Patricia Flynn has taken her occupational therapy skills from County Cork, Ireland to Ondangwa in Namibia. She is working for Elcin Rehabilitation Centre, training Namibian volunteers to deliver community based rehabilitation to hundreds of disabled people in rural communities. Here she tells us about why she chose to volunteer, what she’s learning and life in Namibia.
What made you decide to be a volunteer?
Being a VSO volunteer was something I always wanted to do but I needed two years post qualification experience, so I was waiting to get that experience. Two years turned into four, but one week I applied, the next week I was invited to assessment and within nine months I was in Namibia. It was one of the best decisions I have ever made.
Describe your job at Elcin
I help train community based volunteers who support people with disabilities living in rural areas who can’t access public services and hospital treatment. These volunteers are people that are nominated by their village leaders and they come here for five week training on different types of disabilities and what they can do about it in their communities and how to raise awareness about disability and how to make people understand the rights of people with disabilities.
Was it hard to settle in to the job?
When I arrived I was very cautious about not rushing in, not arriving and saying ‘I am the expert’, it’s about finding your natural place according to the office politics rather than your qualifications. I waited a long time before I started to give advice and change things, probably a year. I just worked, read, got to know people, and did research.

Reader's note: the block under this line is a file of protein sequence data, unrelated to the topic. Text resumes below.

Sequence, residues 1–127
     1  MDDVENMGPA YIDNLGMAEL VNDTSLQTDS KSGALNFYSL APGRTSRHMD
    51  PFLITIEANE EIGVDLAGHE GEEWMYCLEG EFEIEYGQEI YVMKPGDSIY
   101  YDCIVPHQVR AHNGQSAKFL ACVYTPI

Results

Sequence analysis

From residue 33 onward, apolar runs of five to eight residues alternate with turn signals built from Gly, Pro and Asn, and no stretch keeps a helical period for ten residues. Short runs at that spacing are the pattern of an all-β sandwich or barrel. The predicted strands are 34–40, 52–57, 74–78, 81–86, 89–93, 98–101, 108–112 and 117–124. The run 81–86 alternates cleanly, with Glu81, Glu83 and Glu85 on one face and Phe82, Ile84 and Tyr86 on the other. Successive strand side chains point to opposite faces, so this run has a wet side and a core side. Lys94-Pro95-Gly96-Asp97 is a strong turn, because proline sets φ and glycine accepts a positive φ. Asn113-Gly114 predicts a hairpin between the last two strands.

What has been your biggest challenge?
I have been given a lot more responsibility than I would have at home. I am four years qualified yet I have found myself doing a lot of managerial work and even national level programme work; it really gives you the opportunity to evaluate your own skills. You can achieve as much as you want to achieve and see the results coming directly from your work.
Do you enjoy the training part of your job?
Training is very much a practical skill that you have to learn on your feet, you can’t learn about it from a manual. You have to build your skills on the job. The difference in how nervous I am before a training session is amazing. I used to be so nervous but I am actually quite comfortable with it now. I have learnt on the job; you give a few bad sessions and you learn from it and you grow.
Describe life outside work.
Life outside work has been completely different to what I expected. I expected to be reading War and Peace. I thought it would be character building – me sat out in the bush, alone, reading but it’s been the opposite. I haven’t had an evening to myself – my neighbours are always around, there’s a good volunteer social scene, a good local social scene. I’ve made really good Namibian friends who look out for me and are very open with me – they will advise me if I need it.
Would you recommend volunteering?
Time has flown, I’ve enjoyed every minute of it. I feel have achieved a lot, I have made some very strong friendships. I have nothing negative to say about volunteering or Namibia.